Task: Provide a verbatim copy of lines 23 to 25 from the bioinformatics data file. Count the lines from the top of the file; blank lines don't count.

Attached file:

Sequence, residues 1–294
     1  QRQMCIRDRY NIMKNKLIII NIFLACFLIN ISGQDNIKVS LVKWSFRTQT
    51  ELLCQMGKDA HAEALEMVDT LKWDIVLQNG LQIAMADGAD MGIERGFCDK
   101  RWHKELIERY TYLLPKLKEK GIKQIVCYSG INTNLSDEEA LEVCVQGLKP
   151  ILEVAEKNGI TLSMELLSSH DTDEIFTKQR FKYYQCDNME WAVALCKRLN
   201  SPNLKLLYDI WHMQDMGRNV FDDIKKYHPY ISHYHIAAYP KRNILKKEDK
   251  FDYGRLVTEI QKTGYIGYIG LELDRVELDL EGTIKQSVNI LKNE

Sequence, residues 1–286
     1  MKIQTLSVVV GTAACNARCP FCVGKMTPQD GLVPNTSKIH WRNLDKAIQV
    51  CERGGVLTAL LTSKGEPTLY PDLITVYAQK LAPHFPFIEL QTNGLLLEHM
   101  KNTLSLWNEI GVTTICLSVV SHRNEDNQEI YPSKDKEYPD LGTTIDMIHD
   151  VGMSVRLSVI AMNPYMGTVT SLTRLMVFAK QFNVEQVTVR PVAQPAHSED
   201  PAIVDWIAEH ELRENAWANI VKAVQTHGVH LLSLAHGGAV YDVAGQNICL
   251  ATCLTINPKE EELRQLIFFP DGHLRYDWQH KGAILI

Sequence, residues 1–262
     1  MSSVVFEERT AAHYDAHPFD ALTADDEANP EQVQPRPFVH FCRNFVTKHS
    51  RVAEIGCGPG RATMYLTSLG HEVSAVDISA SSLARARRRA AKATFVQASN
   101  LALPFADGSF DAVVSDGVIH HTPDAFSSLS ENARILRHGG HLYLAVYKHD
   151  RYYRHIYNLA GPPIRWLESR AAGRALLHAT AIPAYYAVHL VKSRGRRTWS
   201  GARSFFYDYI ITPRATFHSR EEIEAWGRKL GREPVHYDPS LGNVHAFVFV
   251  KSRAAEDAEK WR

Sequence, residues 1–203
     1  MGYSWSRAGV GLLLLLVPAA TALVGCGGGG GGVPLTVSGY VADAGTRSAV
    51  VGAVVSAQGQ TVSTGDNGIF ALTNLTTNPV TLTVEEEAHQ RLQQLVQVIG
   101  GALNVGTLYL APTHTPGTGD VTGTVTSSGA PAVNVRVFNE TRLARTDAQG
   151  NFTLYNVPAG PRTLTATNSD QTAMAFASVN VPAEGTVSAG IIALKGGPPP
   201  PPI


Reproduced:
     1  MGYSWSRAGV GLLLLLVPAA TALVGCGGGG GGVPLTVSGY VADAGTRSAV
    51  VGAVVSAQGQ TVSTGDNGIF ALTNLTTNPV TLTVEEEAHQ RLQQLVQVIG
   101  GALNVGTLYL APTHTPGTGD VTGTVTSSGA PAVNVRVFNE TRLARTDAQG